New Drugs for Heart Diseases
The human heart beats approximately 100,000 times every day. Pumping oxygen-rich blood across our body, the heart is essential in keeping our other organs healthy. A heart attack occurs when cardiac cells, including the beating heart muscle cells (cardiomyocytes) are themselves deprived of oxygen due to a blockage in a blood vessel in the heart. This in turn leads to the death of these cells which are incapable of regrowing, and therefore reduces the heart’s pumping capacity. This phenomenon is known as heart failure. Similarly, high blood pressure or genetic conditions can cause the heart muscle to stiffen or enlarge, decreasing the heart’s ability to pump blood.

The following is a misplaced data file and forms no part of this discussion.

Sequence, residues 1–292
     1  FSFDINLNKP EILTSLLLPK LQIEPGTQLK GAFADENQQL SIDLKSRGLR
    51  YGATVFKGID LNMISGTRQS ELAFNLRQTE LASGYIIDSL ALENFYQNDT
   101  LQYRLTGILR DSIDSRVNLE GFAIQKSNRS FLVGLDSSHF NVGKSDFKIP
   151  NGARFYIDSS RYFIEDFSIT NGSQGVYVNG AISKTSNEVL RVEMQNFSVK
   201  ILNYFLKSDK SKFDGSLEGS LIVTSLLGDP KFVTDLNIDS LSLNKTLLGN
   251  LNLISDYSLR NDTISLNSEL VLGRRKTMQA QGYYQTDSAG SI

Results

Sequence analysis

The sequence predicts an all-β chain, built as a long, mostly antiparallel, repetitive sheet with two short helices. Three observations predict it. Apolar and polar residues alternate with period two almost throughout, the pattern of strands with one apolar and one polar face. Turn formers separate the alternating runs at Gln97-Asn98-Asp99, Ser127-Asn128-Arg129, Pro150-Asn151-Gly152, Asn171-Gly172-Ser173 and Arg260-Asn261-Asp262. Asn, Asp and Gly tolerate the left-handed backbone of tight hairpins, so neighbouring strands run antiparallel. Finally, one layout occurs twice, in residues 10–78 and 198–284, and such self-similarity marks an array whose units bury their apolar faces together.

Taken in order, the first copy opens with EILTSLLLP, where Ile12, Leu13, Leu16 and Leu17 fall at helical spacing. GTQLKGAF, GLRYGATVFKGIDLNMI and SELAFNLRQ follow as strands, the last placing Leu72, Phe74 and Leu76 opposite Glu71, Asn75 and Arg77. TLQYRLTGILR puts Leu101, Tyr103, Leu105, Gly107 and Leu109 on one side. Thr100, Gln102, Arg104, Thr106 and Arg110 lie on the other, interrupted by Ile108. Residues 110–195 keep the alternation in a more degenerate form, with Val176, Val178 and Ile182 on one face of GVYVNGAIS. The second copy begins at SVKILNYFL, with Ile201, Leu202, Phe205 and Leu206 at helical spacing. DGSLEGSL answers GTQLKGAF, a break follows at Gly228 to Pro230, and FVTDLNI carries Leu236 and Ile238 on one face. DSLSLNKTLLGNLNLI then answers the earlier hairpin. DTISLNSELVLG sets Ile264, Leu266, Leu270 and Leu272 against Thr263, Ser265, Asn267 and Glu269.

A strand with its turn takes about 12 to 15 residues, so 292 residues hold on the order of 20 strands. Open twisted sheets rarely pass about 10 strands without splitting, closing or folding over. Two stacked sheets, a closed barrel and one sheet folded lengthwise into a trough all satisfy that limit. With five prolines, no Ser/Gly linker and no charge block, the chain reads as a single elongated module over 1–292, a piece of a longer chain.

We aim to address some of the fundamental questions pertaining to heart diseases. One of our goals is to identify ways to force remaining heart muscle cells to regrow (proliferate) to heal the heart after a heart attack. Stem cells are excellent tools for such studies as they can become any cell type of the human body. In our lab, we generate heart muscle cells and blood vessel endothelial cells from stem cells and study the effects of different conditions, drugs, or chemical compounds on these cells.
Fluorescence microscope images of:
- Human pluripotent stem cell-derived cardiomyocytes.
- Human pluripotent stem cell-derived cardiomyocytes and endothelial cells.